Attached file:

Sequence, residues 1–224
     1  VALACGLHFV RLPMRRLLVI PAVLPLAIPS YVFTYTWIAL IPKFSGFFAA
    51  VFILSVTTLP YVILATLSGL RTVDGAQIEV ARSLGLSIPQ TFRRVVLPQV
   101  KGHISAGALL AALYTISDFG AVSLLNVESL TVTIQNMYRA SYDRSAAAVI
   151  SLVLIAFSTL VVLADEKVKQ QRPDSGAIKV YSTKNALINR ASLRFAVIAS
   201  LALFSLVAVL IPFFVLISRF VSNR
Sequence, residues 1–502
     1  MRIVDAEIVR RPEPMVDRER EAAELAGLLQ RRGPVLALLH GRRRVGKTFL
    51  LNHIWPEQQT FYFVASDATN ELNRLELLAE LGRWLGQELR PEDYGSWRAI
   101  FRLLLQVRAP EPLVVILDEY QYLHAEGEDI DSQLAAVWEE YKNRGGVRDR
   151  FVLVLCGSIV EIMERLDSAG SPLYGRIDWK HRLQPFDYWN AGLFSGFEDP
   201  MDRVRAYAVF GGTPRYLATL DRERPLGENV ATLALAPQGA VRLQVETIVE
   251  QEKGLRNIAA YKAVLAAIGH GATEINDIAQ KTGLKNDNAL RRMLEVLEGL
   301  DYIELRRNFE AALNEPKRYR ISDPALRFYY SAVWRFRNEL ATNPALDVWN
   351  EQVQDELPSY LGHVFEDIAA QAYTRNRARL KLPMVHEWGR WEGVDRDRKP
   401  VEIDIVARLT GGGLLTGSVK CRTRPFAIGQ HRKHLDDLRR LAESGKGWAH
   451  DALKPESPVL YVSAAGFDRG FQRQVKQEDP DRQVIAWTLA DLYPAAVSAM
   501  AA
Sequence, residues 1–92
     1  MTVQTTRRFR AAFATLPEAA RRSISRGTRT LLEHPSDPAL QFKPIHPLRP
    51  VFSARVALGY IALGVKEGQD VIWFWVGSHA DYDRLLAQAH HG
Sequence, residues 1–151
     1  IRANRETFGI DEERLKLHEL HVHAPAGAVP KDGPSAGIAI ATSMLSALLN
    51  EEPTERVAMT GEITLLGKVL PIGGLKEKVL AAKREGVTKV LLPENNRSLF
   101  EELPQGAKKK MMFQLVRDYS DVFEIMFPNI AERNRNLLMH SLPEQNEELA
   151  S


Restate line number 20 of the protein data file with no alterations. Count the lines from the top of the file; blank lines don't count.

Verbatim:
     1  MTVQTTRRFR AAFATLPEAA RRSISRGTRT LLEHPSDPAL QFKPIHPLRP